Conversations with higher education leaders about re-engaging, retaining, and graduating adult students.

Kristine is an experienced higher education leader with over 25 years of expertise in admissions, direct response marketing, and college operations. She has worked with online and campus-based institutions and has a strong track record of delivering mission-critical results.

Her industry experience includes Monarch EA (enrollment management) to Nuro (retention) to Greenwood & Hall (consulting/partnerships); she has seen virtually every aspect of the student funnel. Throughout her career, Kristine has demonstrated her ability to build robust admissions teams, powerful strategic partnerships, and deliver strong outcomes for higher education institutions, employers, and learners. Her collaborative approach unlocks the power of the team at institutions. Although she now works in the nutrition industry, her passion for graduating adult learners continues.

For our new series of Perspectives in Higher Education, Dr. George Rohde sat down with Glein to find out how institutions can focus on bringing back adult learners in 2023.

Rohde: What kind of background do you have in higher education, and how did your experience lead you to become an advisory board member for myFootpath?

Glein: Having spent more than 25 years in higher education, I have provided support to universities and colleges in various domains such as recruitment, marketing, financial services, and re-enrollment. My experience in these facets of the student journey has sharpened my focus on identifying the non-cognitive factors that may lead to students discontinuing their education and devising strategies to ensure their persistence and successful completion. MyFootpath’s goal of partnering with academic institutions to help students re-enroll aligns with my belief that one should strive to finish what they have started. I find that the mission of myFootpath is a mutually beneficial endeavor for all parties involved.

Rohde:  In relation to your role as an advisory board member, what do you hope to contribute in 2023?

Glein: In the year 2023, my primary objective is to expand the number of educational institutions affiliated with myFootpath, and to witness their resultant advantages in the field of higher education. Establishing a partnership with myFootpath is a low-risk investment that will ultimately have a beneficial impact on the academic success of students. Although my current career field differs from the realm of higher education, my considerable network within this domain will be a valuable asset in connecting educational institutions to myFootpath, which can serve as an instrumental tool to effectively engage with students who may have paused their education and effectively guide adult learners to attain their degrees.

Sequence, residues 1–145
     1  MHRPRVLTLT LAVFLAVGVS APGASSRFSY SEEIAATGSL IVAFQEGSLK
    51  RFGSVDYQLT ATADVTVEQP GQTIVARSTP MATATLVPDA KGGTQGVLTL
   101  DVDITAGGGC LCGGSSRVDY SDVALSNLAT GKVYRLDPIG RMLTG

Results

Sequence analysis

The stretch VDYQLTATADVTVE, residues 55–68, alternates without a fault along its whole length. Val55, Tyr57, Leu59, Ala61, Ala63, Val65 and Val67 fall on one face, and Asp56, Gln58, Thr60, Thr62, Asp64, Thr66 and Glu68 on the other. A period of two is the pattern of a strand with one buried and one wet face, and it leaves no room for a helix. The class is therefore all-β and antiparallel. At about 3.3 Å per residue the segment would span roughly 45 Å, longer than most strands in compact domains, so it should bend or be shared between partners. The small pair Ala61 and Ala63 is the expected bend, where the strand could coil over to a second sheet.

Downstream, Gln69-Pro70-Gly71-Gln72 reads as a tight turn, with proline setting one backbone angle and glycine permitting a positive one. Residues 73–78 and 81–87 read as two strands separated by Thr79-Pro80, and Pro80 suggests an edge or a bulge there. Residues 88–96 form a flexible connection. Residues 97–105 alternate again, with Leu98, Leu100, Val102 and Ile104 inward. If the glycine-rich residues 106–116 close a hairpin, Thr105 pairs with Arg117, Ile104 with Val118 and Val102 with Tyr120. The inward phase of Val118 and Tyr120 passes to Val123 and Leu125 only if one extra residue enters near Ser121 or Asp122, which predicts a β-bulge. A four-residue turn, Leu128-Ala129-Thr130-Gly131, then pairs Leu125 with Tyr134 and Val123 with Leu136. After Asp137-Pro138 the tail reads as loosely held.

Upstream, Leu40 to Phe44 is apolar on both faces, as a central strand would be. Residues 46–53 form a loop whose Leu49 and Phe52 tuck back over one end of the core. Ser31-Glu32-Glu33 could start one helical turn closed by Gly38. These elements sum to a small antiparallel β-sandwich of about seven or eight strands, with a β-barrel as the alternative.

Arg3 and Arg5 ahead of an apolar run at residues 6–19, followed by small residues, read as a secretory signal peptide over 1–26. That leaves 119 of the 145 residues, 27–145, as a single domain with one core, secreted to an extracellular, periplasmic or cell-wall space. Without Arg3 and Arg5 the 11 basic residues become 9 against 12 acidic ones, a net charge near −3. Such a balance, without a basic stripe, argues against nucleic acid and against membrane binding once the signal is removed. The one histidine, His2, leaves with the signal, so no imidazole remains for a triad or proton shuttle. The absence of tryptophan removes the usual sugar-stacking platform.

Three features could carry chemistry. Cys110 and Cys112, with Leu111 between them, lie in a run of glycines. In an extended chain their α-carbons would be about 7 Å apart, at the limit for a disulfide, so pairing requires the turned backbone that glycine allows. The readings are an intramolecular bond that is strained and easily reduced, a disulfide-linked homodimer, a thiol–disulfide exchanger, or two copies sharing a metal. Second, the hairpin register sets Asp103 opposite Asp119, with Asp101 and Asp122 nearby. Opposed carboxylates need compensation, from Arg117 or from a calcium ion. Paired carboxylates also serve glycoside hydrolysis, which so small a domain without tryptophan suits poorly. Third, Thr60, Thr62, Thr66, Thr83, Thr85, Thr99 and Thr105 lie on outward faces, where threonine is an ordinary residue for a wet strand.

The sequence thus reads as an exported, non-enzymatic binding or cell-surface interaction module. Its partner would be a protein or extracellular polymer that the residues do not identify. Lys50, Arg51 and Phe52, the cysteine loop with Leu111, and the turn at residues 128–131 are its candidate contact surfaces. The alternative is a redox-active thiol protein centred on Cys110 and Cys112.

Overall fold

Rohde: What trends do you see among universities in terms of re-engagement with adult students?

Glein: Many universities tend to prioritize their “net new” students and often overlook their existing stop-out population. Student retention is often delegated among departments, leading to a lack of singular focus on the issue. Institutions often need a clearer structure of ownership for the stop-out population. Taking responsibility for re-enrollment requires a passionate and comprehensive focus on adult students. Organizations such as myFootpath play a crucial role in addressing this issue and helping to slow down the stop-out rate.

Rohde: So, why is it important for institutions to focus on engaging with and understanding the adult learner?

Glein: As a mother of four, I completed my master’s degree online in my thirties, providing me with an insight into the potential barriers adult students might face leading them to drop out. There are several reasons why an adult may choose to return to school, and it is essential for universities to remind students of their motivation, their “why,” for returning to school, such as career advancement, change, or increased income. This reminder is crucial to maintaining their engagement and avoiding dropout.

To better understand their adult student population, universities should shift their focus to include re-enrollment, not solely new enrollment. Increasing the budget for re-enrollment marketing is an effective way to achieve this since a budget is a reflection of institutional priorities. Engaging with this untapped market is an opportunity for universities to encourage former students to return to school, ultimately driving higher completion and graduation rates.